“You’re doing that every day, and you have to pour a lot of your attention into that, and that never stops,” Simmons said. “It’s just this conveyor belt and it always keeps going. In between doing your critiques, you have to find time to refill your own creative well.”
Some students hit a wall. Then, they “just take a day and wander around Seattle or go sit and walk in a park or take an afternoon and go swimming,” Graham said. “Those sorts of things do happen. They just need to get away for a bit.”
A new instructor guides the students each week, and Graham said a lot of care goes into finding the right qualities, from teaching experience to genre knowledge. “Obviously you want eminence in the field, whether it’s early or late in their career,” she said. “We want them to be able to be articulate about writing, about writing matters, about characterization, about all the elements that go into writing a good story.”
For example, instructors this summer included long-time editor Ellen Datlow, award-winning novelist Karen Lord, and 1998 graduate Daniel Abraham. Previous workshops have been taught by Cory Doctorow, Ursula K. LeGuin, Neil Gaiman, George R. R. Martin and many other established names.
Graham said what makes Clarion West stand out from some other writing workshops is that it doesn’t minimize the importance of speculative fiction. “What’s really different about it, I think, is the focus on creating works of the imagination,” Graham said, recalling how a science-fiction writer in a different program she’d once attended, “was basically scorned and laughed at.”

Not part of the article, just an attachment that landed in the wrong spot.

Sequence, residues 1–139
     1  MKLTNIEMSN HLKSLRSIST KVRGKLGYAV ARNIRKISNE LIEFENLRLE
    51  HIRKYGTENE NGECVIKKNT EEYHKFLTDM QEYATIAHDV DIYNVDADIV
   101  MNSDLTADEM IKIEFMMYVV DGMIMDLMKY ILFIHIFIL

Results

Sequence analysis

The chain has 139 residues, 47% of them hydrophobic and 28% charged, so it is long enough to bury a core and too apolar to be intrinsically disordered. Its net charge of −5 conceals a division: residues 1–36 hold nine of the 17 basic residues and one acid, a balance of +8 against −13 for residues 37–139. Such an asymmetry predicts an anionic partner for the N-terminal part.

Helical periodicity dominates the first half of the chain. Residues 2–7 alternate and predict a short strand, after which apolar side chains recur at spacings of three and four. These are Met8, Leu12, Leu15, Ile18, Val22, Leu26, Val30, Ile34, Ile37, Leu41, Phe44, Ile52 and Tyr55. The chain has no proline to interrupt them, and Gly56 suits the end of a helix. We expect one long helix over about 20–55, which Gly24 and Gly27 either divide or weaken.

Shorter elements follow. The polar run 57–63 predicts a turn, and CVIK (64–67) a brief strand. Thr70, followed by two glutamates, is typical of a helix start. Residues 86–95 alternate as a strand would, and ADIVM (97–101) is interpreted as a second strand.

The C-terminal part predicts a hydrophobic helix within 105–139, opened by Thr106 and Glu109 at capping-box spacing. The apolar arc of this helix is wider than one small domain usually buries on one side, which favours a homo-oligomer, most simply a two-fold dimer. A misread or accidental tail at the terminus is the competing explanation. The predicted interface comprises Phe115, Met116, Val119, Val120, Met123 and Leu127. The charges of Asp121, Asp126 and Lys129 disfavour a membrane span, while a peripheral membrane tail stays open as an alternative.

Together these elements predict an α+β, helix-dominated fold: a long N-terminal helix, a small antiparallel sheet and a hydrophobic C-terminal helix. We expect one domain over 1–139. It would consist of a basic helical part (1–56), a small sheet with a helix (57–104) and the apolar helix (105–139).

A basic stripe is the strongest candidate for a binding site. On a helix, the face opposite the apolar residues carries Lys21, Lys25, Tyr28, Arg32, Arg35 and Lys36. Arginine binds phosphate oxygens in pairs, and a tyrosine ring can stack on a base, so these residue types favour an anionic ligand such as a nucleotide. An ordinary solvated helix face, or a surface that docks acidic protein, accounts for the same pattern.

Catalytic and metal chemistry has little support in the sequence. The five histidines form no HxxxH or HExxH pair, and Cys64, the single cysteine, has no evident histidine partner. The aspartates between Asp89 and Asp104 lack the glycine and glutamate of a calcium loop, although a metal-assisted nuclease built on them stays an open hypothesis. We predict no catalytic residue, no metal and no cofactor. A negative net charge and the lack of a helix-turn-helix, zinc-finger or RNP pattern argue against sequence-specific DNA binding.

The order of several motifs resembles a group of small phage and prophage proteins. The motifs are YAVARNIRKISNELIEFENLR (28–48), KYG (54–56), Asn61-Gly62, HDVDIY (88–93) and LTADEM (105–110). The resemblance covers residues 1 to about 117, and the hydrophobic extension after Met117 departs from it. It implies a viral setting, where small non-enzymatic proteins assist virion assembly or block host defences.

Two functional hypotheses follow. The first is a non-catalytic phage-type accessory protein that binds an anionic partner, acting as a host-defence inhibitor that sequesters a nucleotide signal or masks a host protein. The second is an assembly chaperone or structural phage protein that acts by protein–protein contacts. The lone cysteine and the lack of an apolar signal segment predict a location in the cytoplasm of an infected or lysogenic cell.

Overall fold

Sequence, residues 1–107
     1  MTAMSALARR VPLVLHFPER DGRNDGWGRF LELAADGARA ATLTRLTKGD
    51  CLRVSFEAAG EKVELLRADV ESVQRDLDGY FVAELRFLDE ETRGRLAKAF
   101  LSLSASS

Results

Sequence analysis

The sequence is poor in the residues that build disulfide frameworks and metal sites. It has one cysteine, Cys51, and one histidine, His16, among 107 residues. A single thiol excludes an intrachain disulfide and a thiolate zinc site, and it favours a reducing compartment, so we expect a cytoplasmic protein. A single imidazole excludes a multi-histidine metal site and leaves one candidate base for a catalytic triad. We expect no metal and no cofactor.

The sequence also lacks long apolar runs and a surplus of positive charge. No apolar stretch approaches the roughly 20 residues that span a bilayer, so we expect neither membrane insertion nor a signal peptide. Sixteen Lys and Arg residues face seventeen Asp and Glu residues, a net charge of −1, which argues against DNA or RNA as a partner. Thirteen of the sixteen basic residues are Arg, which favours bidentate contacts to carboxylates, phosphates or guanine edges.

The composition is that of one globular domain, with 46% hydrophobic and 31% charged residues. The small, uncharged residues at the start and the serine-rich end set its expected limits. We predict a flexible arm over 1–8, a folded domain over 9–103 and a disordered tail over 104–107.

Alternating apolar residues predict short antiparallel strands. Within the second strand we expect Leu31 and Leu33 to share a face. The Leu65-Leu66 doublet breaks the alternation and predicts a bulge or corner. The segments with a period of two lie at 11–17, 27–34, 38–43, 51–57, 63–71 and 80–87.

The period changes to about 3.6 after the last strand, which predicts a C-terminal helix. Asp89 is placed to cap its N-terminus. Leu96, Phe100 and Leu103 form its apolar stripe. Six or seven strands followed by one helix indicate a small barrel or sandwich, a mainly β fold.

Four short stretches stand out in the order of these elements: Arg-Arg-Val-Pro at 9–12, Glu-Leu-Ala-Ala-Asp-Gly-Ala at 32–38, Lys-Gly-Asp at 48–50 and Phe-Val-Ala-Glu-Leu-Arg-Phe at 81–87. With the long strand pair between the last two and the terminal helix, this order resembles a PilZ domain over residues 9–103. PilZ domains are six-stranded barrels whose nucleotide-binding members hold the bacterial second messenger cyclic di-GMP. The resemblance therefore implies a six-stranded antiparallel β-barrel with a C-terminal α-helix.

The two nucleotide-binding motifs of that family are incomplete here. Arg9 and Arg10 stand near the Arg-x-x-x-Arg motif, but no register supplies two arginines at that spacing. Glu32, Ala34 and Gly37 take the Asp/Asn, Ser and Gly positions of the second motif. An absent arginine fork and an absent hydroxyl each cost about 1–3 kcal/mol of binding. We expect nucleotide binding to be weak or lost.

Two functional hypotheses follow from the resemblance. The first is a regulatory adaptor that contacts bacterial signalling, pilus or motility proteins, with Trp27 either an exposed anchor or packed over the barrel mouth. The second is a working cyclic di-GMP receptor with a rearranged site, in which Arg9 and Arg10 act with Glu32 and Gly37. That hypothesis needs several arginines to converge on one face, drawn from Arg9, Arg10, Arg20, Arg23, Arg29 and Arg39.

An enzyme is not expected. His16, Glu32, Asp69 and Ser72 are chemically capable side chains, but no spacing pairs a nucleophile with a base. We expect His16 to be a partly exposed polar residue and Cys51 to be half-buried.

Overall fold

“But I look at the people who graduated from the (other) fiction program that year, and who’s the one who’s published 20 novels? The science fiction author,” she said.
Clarion West, as a non-profit literary organization, charges $4,200 for its workshop, which includes tuition, room and partial board. Graham said there are scholarships, and support for Clarion West overall comes from a number of organizations, including the National Endowment for the Arts and Amazon.
“We were actually the first organization that Amazon gave money to as a nonprofit and they have been wonderful in supporting us through the years,” Graham said.
Ultimately, Graham said, Clarion West is a test of commitment. “I think that’s what we do best, is we help students get to that place where they are ready to launch a career, they are ready to make writing a huge part of their lives,” Graham said.
Simmons’ advice for budding speculative fiction writers, now that she’s graduated from Clarion West? “Do it for yourself and don’t do it for other people,” she said. “Write what you want to write because that is what pleases you, and that’s what makes you happy and that’s what resonates with you. Don’t do it to be commercially successful or because you want to impress other people.”
Graham agrees. “It’s very important that people write the stories that they can write, and not the stories that other people are writing at the same time,” she said. “I think learning what you want to write is an important stage of the process.”
And, she said, today she finds a lot more people want to write speculative fiction.
Previously in this series: How science fiction can predict the future and help tech innovators make better decisions